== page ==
Connecting to the midstate: Region becoming alternative tech landing spot

The cloud may be all the rage in technology. But companies and their employees have to put their roots in the ground somewhere.

Bustling New York City and technology-rich Silicon Valley have long been popular destination for young tech entrepreneurs, and those areas remain attractive.

But some tech firms, hoping to spread their wings and grow their big ideas, are taking a chance on smaller markets such as Central Pennsylvania.

Harrisburg has seen a surge of tech companies in the last few years, as have Lancaster and York.

The region’s benefits, say tech executives, include a lower cost of living compared with most big cities, a growing volume of high-end rental housing options, mixed-use redevelopment projects in urban communities and relatively easy access to mass transit, like Amtrak, which connects Central Pennsylvania to larger metropolitan areas.

It is still tough to get around the midstate without a car, something that many millennials would like to be able to do. But people who don’t mind driving find a highway network that puts Baltimore, Philadelphia, New York and Washington, D.C., all within a few hours’ drive.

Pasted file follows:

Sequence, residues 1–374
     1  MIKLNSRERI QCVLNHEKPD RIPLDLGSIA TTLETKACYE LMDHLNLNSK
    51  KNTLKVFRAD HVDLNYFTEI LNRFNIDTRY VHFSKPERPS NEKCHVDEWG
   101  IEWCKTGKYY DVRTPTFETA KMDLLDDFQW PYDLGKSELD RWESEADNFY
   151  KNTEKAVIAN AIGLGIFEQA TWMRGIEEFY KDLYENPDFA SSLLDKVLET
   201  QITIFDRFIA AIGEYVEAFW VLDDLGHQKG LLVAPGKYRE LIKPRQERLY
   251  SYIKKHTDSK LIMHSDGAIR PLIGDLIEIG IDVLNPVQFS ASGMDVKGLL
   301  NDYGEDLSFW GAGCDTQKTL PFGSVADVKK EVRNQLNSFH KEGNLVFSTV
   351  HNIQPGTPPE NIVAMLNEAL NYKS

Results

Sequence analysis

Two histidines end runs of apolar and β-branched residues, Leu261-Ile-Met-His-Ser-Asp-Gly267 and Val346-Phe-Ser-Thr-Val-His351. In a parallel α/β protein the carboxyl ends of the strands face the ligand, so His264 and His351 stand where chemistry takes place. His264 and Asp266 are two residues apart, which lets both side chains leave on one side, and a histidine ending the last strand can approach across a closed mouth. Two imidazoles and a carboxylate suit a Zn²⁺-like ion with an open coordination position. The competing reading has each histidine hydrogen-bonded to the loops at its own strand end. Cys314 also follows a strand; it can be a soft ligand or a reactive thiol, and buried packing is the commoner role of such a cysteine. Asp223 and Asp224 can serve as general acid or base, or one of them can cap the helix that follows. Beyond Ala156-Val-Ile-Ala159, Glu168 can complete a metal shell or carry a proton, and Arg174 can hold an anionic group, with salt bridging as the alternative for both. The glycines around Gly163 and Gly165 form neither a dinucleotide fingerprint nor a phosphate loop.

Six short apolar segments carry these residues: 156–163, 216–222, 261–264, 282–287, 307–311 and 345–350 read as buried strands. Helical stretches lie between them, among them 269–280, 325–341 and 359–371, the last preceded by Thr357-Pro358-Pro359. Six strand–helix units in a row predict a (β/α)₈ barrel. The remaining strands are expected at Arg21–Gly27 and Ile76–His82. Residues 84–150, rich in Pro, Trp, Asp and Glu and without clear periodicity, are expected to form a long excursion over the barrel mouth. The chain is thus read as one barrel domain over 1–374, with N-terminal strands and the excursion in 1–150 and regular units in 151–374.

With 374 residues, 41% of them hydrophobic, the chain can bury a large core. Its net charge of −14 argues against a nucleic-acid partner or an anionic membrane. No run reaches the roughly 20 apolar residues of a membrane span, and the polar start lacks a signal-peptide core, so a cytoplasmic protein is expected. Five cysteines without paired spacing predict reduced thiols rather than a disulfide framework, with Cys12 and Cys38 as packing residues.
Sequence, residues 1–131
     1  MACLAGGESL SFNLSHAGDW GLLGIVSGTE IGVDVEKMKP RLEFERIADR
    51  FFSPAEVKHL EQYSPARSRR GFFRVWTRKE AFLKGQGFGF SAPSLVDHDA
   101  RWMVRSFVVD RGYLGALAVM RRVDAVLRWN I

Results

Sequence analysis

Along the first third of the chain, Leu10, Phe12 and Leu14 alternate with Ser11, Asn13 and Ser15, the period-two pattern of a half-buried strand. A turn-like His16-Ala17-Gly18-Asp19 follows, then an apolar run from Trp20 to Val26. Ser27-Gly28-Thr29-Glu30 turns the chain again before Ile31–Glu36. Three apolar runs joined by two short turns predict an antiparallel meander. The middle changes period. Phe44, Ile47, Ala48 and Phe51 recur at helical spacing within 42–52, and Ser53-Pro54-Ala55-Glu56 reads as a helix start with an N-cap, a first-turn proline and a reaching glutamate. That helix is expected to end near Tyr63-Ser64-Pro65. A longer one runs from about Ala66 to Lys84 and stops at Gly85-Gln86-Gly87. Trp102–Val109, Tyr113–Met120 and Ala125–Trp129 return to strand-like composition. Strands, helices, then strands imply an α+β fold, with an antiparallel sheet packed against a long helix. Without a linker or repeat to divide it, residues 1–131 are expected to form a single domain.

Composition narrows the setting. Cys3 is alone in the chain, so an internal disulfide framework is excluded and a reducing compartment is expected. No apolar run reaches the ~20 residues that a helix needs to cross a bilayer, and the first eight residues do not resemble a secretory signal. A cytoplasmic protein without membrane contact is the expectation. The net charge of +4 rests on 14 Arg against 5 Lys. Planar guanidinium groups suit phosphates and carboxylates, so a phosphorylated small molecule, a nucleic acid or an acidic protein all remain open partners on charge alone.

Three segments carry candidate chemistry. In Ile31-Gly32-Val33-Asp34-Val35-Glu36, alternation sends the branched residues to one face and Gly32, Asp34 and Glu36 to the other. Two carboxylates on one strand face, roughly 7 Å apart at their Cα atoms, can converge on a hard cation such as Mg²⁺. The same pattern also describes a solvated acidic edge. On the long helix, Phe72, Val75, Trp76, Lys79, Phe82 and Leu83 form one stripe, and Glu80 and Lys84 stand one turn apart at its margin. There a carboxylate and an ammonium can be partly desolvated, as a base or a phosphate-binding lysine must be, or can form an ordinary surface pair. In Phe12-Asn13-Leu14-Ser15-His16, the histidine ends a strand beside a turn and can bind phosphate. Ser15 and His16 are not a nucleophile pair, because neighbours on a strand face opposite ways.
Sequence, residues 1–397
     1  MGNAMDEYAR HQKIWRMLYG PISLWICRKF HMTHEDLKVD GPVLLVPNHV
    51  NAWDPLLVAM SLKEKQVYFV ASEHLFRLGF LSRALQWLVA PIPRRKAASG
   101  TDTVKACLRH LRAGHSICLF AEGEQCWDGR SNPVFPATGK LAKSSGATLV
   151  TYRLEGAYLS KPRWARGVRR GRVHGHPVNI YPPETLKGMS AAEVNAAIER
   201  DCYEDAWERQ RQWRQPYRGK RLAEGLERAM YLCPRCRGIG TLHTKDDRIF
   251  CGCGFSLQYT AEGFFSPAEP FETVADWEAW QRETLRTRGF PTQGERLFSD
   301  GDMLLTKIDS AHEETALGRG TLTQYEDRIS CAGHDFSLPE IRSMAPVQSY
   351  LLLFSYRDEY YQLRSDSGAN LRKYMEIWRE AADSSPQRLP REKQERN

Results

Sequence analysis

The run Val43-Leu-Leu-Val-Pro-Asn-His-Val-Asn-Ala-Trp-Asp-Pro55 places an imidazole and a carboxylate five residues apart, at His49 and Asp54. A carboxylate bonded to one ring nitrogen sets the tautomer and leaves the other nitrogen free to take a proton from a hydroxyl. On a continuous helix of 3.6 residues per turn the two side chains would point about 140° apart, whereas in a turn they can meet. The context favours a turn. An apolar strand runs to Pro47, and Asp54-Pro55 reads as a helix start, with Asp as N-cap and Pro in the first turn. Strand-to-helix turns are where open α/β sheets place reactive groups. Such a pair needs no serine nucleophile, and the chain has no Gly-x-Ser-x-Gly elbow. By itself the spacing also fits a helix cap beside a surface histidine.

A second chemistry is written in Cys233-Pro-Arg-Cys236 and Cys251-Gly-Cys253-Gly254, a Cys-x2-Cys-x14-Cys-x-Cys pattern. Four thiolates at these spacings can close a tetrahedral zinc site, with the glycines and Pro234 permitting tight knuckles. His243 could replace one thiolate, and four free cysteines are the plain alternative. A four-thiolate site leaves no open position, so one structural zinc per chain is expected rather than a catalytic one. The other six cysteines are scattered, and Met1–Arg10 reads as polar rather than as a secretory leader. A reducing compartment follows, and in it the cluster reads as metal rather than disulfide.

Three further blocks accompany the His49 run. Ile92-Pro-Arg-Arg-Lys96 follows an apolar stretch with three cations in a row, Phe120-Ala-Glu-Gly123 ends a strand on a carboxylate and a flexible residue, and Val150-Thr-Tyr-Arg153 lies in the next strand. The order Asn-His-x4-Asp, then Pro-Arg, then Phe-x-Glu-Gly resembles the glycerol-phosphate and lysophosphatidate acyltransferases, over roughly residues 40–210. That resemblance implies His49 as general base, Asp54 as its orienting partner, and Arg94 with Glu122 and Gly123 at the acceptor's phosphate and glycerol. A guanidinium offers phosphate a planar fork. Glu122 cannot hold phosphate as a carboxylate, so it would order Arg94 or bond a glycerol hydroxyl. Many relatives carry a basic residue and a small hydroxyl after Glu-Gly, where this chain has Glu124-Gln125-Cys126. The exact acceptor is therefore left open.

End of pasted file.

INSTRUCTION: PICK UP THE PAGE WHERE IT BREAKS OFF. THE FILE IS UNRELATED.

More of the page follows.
The region also boasts a growing pool of local tech talent pouring out of schools such as Harrisburg University of Science and Technology, and there is an evolving network of organizations helping to promote the tech industry.

Still, Pennsylvania is no different than other states that are trying to lure growing industries with economic development incentives. Sometimes the commonwealth prevails, sometimes not.

In some cases, it just takes a cohesive pitch to bring it all together and create that “intangible feel of community.” That was how Patrick Ambron, CEO of BrandYourself, described Lancaster. Company officials had been scouting real estate opportunities in surrounding states, including upstate New York, New Jersey, Delaware and Connecticut before setting their sights on Pennsylvania.  

In Tech Report, a special section of the Business Journal, read about Ambron’s experience and the experience of other tech companies that landed in Central Pennsylvania.

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